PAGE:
In accordance with the teachings of the invention, the first resonant structure which forms an anode in the oscillator section also functions as a cathode for a following amplifying section. The first resonant structure 12 has been shown as an interdigital delay line and may be fabricated of a material having a secondary electron emission ratio in excess of one such as, for example, platinum. This structure becomes a cold cathode for the subsequent section. Surrounding the first resonant structure is a second such structure which also may be an interdigital delay line 18 which becomes the anode for the amplifying section. This structure may be fabricated of oxygen-free copper. A second revolving space charge 20 induces an RF current along the delay line 18. An output coupling means 22 terminates the delay line 18 and a matched load 24 such as a dry or water load may also be provided.

Since the oscillator section and the amplifier section are coupled solely by the electron space charge, a high degree of isolation exists between these components. Further, a high gain is feasible in the amplifying section and values as high as 30-40 db may be realized. The voltages established between the cathode emitter and the first resonant structure results in the latter being positive with respect to the cathode. As a result, the space charge is established which rotates and induces the currents on the first resonant structure. The surrounding second resonant structure is biased at a higher electrical potential so that it is positive with respect to the first resonant structure. This first resonant structure, therefore, which forms the anode for the oscillator section becomes the cathode for the amplifying section.

The disclosed structures are housed within a vacuum envelope which is indicated diagrammatically by the numeral 26. The envelope is evacuated in the manner well-known in the microwave tube art. Further, while an interdigital delay line type of energy propagating structure has been illustrated, similar structures may be substituted such as a strap and bar arrangement or cavity resonators. The foregoing description of the invention is to be interpreted broadly and not in a limiting sense.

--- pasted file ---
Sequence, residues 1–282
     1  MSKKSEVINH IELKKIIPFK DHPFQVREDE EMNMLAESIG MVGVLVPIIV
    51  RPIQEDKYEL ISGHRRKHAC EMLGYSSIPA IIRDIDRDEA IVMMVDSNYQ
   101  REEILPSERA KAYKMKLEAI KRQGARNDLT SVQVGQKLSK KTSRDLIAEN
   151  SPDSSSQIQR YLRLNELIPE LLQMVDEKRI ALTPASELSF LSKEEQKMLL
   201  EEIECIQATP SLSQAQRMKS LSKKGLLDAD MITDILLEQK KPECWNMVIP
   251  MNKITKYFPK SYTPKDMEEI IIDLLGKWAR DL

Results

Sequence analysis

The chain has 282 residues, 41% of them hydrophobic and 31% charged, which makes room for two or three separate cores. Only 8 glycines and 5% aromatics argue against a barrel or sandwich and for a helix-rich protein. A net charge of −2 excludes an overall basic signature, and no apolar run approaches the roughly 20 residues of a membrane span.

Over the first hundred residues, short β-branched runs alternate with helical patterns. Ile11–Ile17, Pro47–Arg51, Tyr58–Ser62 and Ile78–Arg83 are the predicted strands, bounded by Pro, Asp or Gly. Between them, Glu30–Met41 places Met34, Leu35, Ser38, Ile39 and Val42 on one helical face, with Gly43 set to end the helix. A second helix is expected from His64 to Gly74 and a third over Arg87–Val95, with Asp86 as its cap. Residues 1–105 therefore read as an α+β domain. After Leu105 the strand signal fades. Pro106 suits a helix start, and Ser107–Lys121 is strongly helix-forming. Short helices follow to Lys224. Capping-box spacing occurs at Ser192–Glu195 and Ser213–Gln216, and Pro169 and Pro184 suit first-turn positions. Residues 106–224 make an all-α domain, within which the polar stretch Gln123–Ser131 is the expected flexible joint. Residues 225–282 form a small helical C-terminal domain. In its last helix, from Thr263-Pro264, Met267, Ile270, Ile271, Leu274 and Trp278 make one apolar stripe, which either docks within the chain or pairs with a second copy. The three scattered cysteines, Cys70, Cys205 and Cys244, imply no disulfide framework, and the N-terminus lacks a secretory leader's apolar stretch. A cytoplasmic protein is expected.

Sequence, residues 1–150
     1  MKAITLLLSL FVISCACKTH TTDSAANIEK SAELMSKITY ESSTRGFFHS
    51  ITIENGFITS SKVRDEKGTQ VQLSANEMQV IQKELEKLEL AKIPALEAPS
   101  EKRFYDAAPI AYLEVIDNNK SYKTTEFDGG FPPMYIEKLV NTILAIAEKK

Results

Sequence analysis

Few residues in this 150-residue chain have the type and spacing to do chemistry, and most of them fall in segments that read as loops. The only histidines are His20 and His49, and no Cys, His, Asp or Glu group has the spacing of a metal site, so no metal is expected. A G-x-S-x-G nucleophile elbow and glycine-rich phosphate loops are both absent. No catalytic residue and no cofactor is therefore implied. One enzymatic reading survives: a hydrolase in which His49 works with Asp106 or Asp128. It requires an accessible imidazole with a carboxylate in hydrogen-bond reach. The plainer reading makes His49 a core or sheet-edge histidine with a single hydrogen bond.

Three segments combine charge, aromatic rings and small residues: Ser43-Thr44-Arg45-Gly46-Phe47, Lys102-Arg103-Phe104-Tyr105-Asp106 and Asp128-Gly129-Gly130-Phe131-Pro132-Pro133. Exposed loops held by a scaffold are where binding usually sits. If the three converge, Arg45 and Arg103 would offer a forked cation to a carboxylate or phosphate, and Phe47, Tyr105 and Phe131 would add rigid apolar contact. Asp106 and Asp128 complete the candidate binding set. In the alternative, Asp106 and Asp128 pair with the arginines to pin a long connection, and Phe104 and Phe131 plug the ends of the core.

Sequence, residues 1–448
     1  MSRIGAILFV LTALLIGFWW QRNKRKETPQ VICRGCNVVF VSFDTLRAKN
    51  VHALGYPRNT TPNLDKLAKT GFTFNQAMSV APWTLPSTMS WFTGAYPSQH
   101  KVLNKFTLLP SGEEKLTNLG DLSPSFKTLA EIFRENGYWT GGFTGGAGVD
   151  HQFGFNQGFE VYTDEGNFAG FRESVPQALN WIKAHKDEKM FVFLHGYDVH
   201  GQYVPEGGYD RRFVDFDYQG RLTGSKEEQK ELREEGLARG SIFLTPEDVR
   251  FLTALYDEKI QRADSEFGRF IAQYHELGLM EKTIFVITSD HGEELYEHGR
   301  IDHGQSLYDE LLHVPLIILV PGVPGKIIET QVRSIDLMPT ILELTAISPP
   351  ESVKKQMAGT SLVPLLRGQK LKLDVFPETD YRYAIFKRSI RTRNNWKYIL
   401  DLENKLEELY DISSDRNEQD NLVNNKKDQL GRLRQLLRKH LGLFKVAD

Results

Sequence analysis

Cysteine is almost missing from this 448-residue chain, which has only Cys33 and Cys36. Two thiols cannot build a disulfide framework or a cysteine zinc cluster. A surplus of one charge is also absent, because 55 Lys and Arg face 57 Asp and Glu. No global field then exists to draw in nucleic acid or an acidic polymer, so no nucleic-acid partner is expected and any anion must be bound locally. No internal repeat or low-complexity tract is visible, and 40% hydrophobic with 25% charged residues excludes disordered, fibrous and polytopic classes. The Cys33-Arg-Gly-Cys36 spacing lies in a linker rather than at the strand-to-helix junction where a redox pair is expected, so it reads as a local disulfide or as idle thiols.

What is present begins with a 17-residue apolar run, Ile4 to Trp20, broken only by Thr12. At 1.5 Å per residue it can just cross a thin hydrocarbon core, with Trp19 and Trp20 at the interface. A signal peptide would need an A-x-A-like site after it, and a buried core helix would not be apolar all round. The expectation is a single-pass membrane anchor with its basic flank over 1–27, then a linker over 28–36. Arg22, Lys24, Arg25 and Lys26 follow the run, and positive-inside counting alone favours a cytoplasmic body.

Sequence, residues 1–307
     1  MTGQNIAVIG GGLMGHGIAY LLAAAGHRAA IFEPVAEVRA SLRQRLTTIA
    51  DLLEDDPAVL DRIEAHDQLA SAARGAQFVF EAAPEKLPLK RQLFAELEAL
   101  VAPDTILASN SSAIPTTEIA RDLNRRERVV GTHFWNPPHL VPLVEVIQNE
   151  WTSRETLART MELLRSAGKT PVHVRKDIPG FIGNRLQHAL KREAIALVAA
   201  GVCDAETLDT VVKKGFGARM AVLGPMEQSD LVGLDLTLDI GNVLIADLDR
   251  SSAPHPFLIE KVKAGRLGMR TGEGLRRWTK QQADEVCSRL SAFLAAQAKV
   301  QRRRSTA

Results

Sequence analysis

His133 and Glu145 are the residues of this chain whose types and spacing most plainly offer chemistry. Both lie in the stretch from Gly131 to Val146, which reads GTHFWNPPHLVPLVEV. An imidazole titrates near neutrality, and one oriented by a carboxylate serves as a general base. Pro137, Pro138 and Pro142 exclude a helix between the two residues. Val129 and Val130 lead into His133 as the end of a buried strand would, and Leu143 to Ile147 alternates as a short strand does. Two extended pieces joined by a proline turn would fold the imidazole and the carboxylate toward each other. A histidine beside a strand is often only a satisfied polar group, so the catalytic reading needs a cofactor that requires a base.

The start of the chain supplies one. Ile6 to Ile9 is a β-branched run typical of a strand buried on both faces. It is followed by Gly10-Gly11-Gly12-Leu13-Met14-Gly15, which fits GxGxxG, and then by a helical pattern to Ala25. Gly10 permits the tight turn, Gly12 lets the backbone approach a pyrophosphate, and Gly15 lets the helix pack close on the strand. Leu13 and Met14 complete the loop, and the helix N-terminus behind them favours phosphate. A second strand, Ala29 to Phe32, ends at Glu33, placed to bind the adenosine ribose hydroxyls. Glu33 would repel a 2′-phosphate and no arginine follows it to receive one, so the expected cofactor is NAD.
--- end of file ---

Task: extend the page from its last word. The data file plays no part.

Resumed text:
Patent Citations
Cited PatentFiling datePublication dateApplicantTitle
US2498267 *Apr 4, 1946Feb 21, 1950Rca CorpHigh-frequency amplifier
US2535137 *Sep 28, 1949Dec 26, 1950Nat Union Radio CorpMicrowave dynatron oscillator
US2819449 *Jan 21, 1954Jan 7, 1958Rca CorpMagnetron
US3069594 *Nov 27, 1959Dec 18, 1962Bell Telephone Labor IncElectron discharge devices
US3123735 *Dec 14, 1959Mar 3, 1964 Broadband crossed-field amplifier with slow wave structure
US3255422 *Aug 7, 1962Jun 7, 1966Sfd Lab IncPulsed crossed-field devices
US3508110 *Oct 5, 1967Apr 21, 1970Sfd Lab IncDual stage axially injected reentrant stream crossed-field tube
US3750043 *Jul 13, 1971Jul 31, 1973Thomson CsfHigh frequency electronic devices
Referenced by
Citing PatentFiling datePublication dateApplicantTitle
US4182642 *Oct 31, 1977Jan 8, 1980Vanderlans Gerald JPipeline joint tester
US4282457 *Jun 18, 1979Aug 4, 1981Raytheon CompanyBackward wave suppressor
US4349791 *Aug 21, 1980Sep 14, 1982Raytheon CompanySlow wave coupling circuit
US4394622 *Jun 3, 1981Jul 19, 1983Rink John PHigh voltage coaxial switch
US5045749 *Mar 1, 1990Sep 3, 1991Thomson Tubes ElectroniquesElectron beam generator and electronic devices using such a generator
EP0227463A2 *Dec 22, 1986Jul 1, 1987Raytheon CompanySecondary emission cathode and tube
EP0387145A1 *Mar 6, 1990Sep 12, 1990Thomson Tubes ElectroniquesElectron beam generator and electronic devices using such a generator
Classifications
U.S. Classification315/39.3, 331/82, 331/89, 315/5.11, 313/103.00R, 315/3.6
International ClassificationH01J25/42
Cooperative ClassificationH01J25/42
European ClassificationH01J25/42
Legal Events
DateCodeEventDescription
Mar 18, 1994ASAssignment
Owner name: LITTON SYSTEMS, INC., CALIFORNIA
Free format text: ASSIGNMENT OF ASSIGNORS INTEREST;ASSIGNOR:RAYTHEON COMPANY;REEL/FRAME:006903/0037
Effective date: 19940312